The trio famously raised eyebrows for criticising former U.S. leader George W. Bush's war policies, and now the "Goodbye Earl" hitmakers are under fire again - from writer Jeremy Helligar.
In a new Variety column, he argues the band should rethink its name, explaining, "Regardless of its origin, for many Black people, it conjures a time and a place of bondage."
"Dixie, for the record, is the epitome of white America, a celebration of a Southern tradition that is indivisible from Black slaves and those grand plantations where they were forced to toil for free.
"The origin of the word, though, is unclear. One theory links it to Jeremiah Dixon, who along with Charles Mason, drew the Mason-Dixon line as the border between four states that later became the unofficial separation between free states and slave states. Other less likely theories trace it back to a slave owner from Manhattan as well as 'dix', a word written on Louisiana's 10-dollar bills pre-Civil War that's French for 'ten.' "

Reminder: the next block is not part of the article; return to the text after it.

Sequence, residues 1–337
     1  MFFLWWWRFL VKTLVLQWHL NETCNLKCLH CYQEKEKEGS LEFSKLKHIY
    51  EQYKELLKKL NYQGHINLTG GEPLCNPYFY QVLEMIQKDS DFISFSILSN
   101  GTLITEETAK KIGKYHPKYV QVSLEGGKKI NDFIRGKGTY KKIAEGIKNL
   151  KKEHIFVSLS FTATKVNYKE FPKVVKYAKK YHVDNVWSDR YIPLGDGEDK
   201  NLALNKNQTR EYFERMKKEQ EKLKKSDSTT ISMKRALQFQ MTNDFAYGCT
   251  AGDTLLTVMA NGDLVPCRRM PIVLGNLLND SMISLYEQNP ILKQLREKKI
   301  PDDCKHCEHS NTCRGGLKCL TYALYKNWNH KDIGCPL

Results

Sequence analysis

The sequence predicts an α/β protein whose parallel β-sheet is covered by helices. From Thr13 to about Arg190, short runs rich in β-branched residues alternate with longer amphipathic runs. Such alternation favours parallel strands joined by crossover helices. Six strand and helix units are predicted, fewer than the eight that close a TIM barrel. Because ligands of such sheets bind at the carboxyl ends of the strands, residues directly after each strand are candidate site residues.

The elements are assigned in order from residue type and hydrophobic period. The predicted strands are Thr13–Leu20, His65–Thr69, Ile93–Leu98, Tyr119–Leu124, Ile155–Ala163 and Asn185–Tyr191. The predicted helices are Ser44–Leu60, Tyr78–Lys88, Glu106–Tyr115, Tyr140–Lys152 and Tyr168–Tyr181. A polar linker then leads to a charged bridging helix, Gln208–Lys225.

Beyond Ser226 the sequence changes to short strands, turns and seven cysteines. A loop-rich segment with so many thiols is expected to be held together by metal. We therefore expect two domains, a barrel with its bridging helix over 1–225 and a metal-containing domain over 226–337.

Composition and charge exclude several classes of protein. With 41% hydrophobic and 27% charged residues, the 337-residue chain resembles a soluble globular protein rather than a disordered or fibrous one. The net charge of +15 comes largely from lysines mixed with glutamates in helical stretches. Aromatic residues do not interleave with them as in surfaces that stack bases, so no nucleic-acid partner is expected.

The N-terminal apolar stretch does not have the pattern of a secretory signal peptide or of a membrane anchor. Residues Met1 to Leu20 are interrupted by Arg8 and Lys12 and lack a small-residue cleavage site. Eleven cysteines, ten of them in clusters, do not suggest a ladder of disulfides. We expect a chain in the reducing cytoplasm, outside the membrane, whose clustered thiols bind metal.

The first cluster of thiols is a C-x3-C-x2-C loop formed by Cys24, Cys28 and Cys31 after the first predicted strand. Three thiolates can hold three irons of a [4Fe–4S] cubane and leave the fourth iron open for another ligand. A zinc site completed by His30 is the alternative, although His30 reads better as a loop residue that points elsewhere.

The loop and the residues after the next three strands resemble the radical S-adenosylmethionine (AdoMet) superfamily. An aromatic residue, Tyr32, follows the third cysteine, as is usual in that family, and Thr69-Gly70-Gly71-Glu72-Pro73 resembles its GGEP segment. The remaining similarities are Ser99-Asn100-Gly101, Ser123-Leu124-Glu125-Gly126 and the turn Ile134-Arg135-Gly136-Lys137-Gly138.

Helligar, a former editor for People, Teen People, Us Weekly, and Entertainment Weekly, adds times have "changed dramatically," adding, "It's hard to imagine many Black Southerners today tying their appreciation of their homeland to 'Dixie', even if, according to legend, it's the title of one of Abraham Lincoln's favourite songs (one, incidentally, in which the author longs to be in 'the land of cotton' because 'old times there are not forgotten')."
The writer's piece comes after another country trio, Lady Antebellum, announced they had changed their name to Lady A in an effort to distance themselves from 'Antebellum', a term with ties to slavery.